Maersk Line's CO2 data verified

  


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2 Nov 2010

maersk_line.jpgMaersk Line is the first shipping line to receive independent verification of its CO2 emissions data, vessel by vessel. For customers like Starbucks Coffee Company, this means more transparency. "Being a


good environmental steward is important to Starbucks Coffee Company.
Our global logistics providers can aid us in lowering the carbon
footprint of our supply chain by improving their CO2 emission data.
Quantified measurement and verification is a step in the right
direction. Together, we continue to strive to better the world in which
we do business," says John Bauer, director of global transportation,
Starbucks Coffee Company. Maersk Line will now add the CO2 data -
verified by Lloyd’s Register - as one of eight performance measures in
score cards that are presented to customers. Lloyd’s Register also
lauds the added transparency. “Maersk Line is to be congratulated for
taking the lead in promoting transparency and credibility with regard
to carbon emissions,” says Madlen King, head of climate change and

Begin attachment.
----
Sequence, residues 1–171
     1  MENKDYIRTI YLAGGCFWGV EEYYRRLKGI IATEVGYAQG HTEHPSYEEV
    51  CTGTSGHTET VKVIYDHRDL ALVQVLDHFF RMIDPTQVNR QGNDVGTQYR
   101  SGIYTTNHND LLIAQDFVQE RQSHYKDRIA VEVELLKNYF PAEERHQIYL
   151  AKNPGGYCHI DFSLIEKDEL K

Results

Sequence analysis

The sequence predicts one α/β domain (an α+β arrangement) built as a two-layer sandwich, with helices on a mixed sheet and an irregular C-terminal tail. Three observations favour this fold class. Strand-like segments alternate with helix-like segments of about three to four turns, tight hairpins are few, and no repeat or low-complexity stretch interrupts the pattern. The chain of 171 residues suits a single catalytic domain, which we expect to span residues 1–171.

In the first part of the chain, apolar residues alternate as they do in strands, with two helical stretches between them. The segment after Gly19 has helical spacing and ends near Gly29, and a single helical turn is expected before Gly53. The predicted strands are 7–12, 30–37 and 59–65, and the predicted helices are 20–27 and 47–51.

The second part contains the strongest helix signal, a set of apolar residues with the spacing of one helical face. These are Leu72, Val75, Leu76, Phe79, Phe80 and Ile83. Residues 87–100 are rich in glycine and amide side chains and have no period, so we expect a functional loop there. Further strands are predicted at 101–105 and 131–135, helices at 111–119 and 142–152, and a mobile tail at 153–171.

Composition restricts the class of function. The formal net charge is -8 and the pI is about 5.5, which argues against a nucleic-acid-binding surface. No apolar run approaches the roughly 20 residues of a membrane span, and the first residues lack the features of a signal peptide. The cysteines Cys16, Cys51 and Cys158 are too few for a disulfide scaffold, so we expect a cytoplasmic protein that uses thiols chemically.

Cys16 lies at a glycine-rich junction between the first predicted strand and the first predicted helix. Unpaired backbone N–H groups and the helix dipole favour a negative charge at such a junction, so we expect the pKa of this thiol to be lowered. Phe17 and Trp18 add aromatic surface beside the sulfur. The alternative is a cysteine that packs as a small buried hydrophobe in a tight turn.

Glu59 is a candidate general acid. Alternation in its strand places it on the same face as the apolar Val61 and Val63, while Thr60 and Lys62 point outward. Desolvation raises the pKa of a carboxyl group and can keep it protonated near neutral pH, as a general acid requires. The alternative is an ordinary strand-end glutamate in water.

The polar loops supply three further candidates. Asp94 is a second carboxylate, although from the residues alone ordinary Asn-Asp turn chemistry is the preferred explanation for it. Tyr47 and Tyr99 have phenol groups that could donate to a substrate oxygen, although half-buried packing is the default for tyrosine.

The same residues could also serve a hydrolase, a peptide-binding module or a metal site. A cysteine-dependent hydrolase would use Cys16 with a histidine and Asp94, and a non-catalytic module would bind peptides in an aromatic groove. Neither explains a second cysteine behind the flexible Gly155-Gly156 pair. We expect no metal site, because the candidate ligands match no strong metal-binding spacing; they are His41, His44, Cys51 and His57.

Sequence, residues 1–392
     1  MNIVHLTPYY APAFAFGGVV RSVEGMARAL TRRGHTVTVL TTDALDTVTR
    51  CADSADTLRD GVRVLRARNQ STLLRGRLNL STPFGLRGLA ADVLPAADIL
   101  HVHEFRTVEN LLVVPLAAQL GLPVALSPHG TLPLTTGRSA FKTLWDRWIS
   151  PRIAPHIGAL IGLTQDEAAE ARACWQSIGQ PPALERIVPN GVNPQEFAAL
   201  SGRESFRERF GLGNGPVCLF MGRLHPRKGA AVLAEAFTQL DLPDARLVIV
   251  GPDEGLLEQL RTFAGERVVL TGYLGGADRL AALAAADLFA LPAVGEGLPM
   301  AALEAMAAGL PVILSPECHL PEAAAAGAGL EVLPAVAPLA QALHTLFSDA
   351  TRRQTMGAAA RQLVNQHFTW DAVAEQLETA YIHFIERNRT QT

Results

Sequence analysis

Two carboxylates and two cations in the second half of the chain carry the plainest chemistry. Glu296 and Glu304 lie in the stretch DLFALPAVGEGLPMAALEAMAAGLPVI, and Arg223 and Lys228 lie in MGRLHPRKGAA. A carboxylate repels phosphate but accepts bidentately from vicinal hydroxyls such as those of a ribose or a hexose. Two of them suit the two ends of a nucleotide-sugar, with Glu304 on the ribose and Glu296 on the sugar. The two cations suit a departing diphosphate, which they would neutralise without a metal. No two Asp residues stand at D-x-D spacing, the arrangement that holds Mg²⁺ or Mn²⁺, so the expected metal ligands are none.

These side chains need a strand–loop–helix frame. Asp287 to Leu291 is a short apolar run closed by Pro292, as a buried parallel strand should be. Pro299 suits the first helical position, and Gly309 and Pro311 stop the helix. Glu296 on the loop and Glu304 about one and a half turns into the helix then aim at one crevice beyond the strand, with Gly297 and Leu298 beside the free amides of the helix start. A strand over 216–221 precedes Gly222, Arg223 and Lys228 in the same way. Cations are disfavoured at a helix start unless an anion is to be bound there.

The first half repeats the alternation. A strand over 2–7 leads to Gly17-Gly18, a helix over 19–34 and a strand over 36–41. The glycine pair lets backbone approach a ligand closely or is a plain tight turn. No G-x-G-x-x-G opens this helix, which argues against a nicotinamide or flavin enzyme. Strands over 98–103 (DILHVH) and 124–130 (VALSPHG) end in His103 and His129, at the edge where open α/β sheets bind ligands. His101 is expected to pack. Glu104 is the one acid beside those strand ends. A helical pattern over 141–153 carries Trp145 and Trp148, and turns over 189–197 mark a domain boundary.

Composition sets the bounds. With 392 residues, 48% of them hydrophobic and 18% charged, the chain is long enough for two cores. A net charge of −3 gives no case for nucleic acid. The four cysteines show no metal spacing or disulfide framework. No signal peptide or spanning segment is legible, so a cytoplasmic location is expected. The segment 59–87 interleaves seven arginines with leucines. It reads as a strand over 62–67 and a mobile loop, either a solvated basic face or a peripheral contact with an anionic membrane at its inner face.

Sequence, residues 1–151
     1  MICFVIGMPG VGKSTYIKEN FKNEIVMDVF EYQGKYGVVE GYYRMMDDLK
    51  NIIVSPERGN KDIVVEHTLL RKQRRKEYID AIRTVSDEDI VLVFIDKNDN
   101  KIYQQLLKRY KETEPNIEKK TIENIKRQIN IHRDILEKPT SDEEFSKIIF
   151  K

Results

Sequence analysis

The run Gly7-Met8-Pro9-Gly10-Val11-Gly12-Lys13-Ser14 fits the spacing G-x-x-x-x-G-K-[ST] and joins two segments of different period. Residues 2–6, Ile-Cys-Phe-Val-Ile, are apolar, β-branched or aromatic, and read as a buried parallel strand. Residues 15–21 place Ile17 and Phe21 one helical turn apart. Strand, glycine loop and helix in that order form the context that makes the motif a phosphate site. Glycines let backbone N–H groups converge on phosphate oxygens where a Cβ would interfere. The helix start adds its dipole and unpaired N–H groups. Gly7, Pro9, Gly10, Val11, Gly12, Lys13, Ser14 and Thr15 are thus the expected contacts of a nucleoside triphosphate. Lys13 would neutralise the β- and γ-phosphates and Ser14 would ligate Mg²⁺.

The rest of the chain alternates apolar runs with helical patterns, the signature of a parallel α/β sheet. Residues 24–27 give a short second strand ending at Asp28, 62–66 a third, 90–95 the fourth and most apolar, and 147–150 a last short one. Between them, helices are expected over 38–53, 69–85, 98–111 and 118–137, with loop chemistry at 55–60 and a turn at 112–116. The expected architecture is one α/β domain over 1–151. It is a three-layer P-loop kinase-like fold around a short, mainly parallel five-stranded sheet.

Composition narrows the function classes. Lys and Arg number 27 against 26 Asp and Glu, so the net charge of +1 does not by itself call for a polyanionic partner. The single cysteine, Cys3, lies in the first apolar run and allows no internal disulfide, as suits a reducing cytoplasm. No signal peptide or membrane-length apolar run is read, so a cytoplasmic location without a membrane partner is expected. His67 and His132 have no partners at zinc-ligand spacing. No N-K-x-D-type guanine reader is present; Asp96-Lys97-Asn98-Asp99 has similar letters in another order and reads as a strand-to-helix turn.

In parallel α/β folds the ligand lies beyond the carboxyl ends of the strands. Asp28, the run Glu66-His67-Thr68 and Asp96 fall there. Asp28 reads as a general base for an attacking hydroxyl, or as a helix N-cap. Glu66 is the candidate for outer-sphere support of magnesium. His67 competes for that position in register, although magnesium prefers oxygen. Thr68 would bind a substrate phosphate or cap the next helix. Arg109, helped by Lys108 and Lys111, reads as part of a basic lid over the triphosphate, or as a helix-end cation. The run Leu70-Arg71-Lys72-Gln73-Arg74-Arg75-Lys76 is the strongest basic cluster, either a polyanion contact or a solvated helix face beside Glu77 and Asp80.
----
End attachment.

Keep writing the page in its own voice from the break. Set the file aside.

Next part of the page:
sustainability at Lloyd’s Register.

 The next challenge is to get other shipping lines to participate and
thereby make independent verification an industry standard, according
to Jacob Sterling, head of climate and environment in Maersk Line.
“This will enable our customers to choose shipping lines based on their
environmental performance,” Sterling says, adding: “It used to be that
‘you cannot manage what you cannot measure’. That’s not the case any
more. We will work to develop a global industry standard for
verification of shipping’s CO2 emissions.” This effort is centred
within the Clean Cargo Working Group, which consists of shipping
companies and large customers in search of ways to reduce shipping’s
carbon foot print. Verification after audit Before issuing its
first-ever verification, Lloyd’s Register checked whether the CO2
emissions calculated in 2009 corresponded with what auditors could find
in the comprehensive vessel reporting system at Maersk Line’s central
offices. “Low Carbon Leader” Maersk Line wants to be a “Low Carbon
Leader”. With innovation and savings the goal is to reduce its carbon
emissions by 25% from 2007-2020 per container moved. Customer scorecard
The customer scorecard highlights the monthly performance of Maersk
Line with focus on on-time delivery performance and from now on also
carbon foot prints. The audit process also included a visit on board
Maersk Clementine to check whether its logs going back over time
corresponded correctly with the information in reporting system. “If
the CO2 data held by the shore office is not supported by a credible
reporting system then we would not be able to verify the data and
provide an assurance statement,” says Peter Catchpole from Lloyd’s
Register’s environmental product development team. “In this instance we
also checked onboard records and reporting procedures to give greater
confidence in the reported data,” he adds.



Source: Maersk Line



Sources:  www.Shipid.com

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